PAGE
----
Information for the public

Chronic heart failure: the care you should expect

Heart failure means the heart is not pumping blood around the body as well as it needs to (it does not mean the heart has stopped working). It affects older people more commonly but can happen at any age. Although heart failure may get worse over time, most people can still have a good quality of life, especially if the condition is treated early. Just under a million people in the UK are living with heart failure.

We want this guideline to make a difference to people with heart failure by making sure:  

  • if you have symptoms that might be heart failure your GP offers you some checks and a blood test to see how well your heart is working
  • you are referred to a specialist heart failure team if your blood test shows you might have heart failure
  • your care team explains heart failure in an open and sensitive way, helping you understand the condition and its treatment and giving you more information whenever you need it
  • you are offered the right medicines to control your symptoms, improve your quality of life and help you live longer
  • your care team agrees a care plan with you for how to manage your heart failure, and gives a copy to you and everyone involved in your care
  • you are offered a personalised programme of exercise, information and support designed for your physical, emotional and psychological needs, called cardiac rehabilitation.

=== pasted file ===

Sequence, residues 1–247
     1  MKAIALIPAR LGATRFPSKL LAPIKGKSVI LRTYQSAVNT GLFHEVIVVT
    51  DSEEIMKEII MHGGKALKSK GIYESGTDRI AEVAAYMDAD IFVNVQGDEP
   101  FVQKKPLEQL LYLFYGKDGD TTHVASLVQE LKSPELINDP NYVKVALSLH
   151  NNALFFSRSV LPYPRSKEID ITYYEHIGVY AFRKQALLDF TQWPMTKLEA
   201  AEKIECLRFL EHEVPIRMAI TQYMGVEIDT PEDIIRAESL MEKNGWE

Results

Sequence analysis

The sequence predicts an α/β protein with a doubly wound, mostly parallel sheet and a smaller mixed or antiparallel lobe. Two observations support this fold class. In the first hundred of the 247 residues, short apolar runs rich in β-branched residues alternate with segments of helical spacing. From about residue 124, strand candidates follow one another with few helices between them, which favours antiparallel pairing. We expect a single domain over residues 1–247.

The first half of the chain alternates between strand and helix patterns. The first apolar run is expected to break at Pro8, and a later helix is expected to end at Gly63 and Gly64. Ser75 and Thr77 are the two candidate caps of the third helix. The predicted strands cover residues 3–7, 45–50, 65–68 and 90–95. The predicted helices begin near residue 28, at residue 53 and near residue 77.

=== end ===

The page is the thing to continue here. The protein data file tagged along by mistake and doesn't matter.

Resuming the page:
Making decisions together

Decisions about treatment and care are best when they are made together. Your healthcare professionals should give you clear information, talk with you about your options and listen carefully to your views and concerns.

To help you make decisions, think about:

  • What matters most to you – what do you want to get out of your treatment and care?
  • What are you most worried about – are there risks or downsides to your treatment that worry you more than others?
  • How will the condition and its treatment affect your day to day life?
  • What happens if you don’t want to have treatment?

If you can’t understand the information you are given, tell your healthcare professional.

Read more about making decisions about your care.

Where can I find out more?

NHS Choices has more information about heart failure.

The organisations below can give you more advice and support.

NICE is not responsible for the content of these websites.

To share an experience of care you have received, contact your local Healthwatch.

We wrote this guideline with people who have been affected by heart failure and staff who treat and support them. All the decisions are based on the best research available.

ISBN: 978-1-4731-3094-4


This page was last updated: 12 September 2018